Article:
Tuesday, June 07, 2016


Yesterday, I attended the annual shareholders meeting of Skullcandy Inc., an audio design and manufacturing firm located in the bustling area of Park City, Utah. The receptionist at the front desk told me I was the only shareholder signed up to attend, causing me to feel a bit ill-at-ease. Nevertheless, my experience began in an impressive board room overlooking The Canyons Mountain Resort. Under a layer of transparent glass on the twenty-foot long boardroom table were hundreds of welded metal Skullcandy logos at various angles. The independent auditor from Ernst & Young introduced himself as we settled into the comfortable chairs. A minute later, Hoby Darling (CEO) along with two company directors and a former employee entered the room. They all introduced themselves and shook my hand. Hoby offered to grab me a drink, but I declined his offer, as no one else seemed to have anything. He began the meeting by turning on the live conference call to all shareholders. As the only outsider shareholder present, I mentally developed a couple of questions in case the directors asked me for comments. I marked my ballot on the “Executive Compensation Plan,” and since it was the only one, Hoby personally thanked me for approving his pay after the ballot[s] was read. It felt like I had just signed off on his yearly compensation package of 1.6 Million. Hoby asked me to address the board before the meeting adjourned. My prepared question concerned the issue of excess inventory and what would be done to avoid or limit selling this excess to discount retailers. The board of directors admitted there was a problem of too much inventory coming into North America immediately after the last port workers strike, but they assured me that the problem had been mitigated since then. Hoby then asked me to move to adjourn the meeting, and the second came from the former employee.  

 After the meeting, Hoby asked an employee to give me an all-inclusive tour of the facility. He also told me to pick out whatever I wanted from the company showroom.  I thanked him and followed my tour guide through every room of the business. We began in the digital promotions and team management offices. The offices were mostly open, and the walls which did exist looked like the walls of a swimming pool with blue tile and authentic pool coping along the top. I was shown the executive offices, the workroom where carpenters build custom displays for retailers and the prototype room with busy 3-D printers producing test materials. At the digital promotions area, a few workers watched a promotional video. I recognized the video background music as Cool Ghouls, who had recently played in Boise. My brother Scott knows a few of the members.

The next stop was the product testing room. Ovens, hammers, and other impact devices were being used to physically test each product line. Following that, I was led up to the engineering offices where each product is loosely put together at workbenches complete with a variety of small tools, including soldering irons. The "Custom" room where custom speaker devices are made has a series of blue fur-lined headphones recently used on the runways during New York Fashion Week. The engineering offices also include the packaging engineering workspace where packages for each product are meticulously designed. Next, I was shown the HR and accounts office area where sales people were busy sending invoices and emailing retail sales contracts. Then we went into the audio testing room where competitors’ products are dismantled and studied. This room also has a small but significant (and according to my guide, extremely expensive) imitation human ear. A small box with a metal top and a small hole in the center picks up sound waves identical to a human ear. This tool us used to ensure the full spectrum of audible frequencies can be reproduced using Skullcandy products. All the audio testing is done in a small soundproof area which is encompassed with several feet of soundproofing material. The outside of the soundproof room is covered in sheet metal and hundreds of partially dismantled speaker "drivers". The drivers are able to adhere to the sheet metal because of the interior magnets used to produce sound. The entire wall of the sound room looked like someone's art project. I would have taken a photo, but I'm sure photography in this room was not an option.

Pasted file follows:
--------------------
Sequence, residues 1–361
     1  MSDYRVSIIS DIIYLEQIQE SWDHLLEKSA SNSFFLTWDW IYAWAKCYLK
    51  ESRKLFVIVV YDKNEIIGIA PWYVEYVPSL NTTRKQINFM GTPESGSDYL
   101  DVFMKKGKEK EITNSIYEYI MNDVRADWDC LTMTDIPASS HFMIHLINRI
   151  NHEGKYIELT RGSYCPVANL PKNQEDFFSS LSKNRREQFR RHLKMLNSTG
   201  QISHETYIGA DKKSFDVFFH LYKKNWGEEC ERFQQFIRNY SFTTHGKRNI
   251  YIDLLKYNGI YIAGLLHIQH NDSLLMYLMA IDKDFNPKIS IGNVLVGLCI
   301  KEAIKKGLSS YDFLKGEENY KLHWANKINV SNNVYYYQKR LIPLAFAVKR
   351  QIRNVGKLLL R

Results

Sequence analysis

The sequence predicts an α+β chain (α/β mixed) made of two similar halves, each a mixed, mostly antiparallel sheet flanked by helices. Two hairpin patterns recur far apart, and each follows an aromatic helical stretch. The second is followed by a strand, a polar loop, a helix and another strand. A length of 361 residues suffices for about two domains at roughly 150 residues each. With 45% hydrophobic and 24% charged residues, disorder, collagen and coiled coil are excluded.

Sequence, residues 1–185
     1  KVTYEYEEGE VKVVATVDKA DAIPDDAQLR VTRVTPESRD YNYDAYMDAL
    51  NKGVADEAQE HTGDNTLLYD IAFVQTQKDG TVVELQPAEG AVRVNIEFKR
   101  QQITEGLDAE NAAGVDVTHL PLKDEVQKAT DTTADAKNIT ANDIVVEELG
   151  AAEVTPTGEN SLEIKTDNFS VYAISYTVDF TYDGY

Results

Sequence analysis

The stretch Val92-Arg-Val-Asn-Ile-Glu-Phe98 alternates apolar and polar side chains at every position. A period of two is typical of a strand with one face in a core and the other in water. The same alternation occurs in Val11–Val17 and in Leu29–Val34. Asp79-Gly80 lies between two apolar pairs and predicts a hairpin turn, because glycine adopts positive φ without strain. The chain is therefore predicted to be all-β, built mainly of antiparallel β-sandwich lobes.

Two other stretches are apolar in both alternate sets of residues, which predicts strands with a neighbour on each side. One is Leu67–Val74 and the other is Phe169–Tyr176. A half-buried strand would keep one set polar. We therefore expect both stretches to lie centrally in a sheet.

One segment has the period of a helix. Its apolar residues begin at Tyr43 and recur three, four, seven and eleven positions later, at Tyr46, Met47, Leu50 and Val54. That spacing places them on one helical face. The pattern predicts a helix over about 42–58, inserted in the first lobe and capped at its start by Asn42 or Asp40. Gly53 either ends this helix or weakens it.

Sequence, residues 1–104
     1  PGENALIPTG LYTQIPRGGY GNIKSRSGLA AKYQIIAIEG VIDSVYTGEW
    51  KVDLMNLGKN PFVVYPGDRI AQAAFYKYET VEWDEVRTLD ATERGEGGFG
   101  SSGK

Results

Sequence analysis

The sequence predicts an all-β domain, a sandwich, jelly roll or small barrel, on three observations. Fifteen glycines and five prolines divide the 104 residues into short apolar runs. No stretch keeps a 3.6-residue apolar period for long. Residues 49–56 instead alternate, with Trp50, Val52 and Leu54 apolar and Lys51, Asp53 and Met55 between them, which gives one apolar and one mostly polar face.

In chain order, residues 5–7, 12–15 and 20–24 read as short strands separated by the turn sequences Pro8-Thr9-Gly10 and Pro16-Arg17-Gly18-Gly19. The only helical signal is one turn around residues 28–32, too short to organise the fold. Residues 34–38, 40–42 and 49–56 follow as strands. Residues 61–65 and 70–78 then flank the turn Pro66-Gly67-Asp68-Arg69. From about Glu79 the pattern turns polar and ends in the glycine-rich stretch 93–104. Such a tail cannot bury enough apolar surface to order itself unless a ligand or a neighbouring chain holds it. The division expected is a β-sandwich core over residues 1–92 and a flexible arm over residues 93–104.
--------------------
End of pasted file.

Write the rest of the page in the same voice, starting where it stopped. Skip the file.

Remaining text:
For the final stop, my guide led me up to the top floor which overlooked the 2002 Winter Olympic ski jumping site. This floor is used by the handful of IT employees and contains the break time amenities of every forward-looking business. They include a foosball table, a table tennis table, and a mini skateboard half pipe. My tour guide offered to let me ride the mini ramp, but I declined. Several holes were visible in the wall where skateboards had flown into the drywall. Skateboarders who are supported by Skullcandy enjoy the ramp when they stop by for meetings. Skateboarders Steve Berra from St. Louis and Sean Malto from Leavenworth, Kansas, recently stopped by and enjoyed the ramp. 

I was very impressed with the organization of this small company. All of the employees are happy to be at work. The bicycles in the employee area confirm that most of Skullcandy's employees ride bicycles to work. Many skis and snowboards are also visible throughout the office. I was told that every employee is given a season pass to Park City resort and are welcome to take a break during the day to enjoy a few runs down the mountain.  Skullcandy is gearing up to build a new headquarters about a half-mile away from its current location. From the top floor windows, my tour guide pointed to the new location. I look forward to attending another shareholders meeting at the new location soon.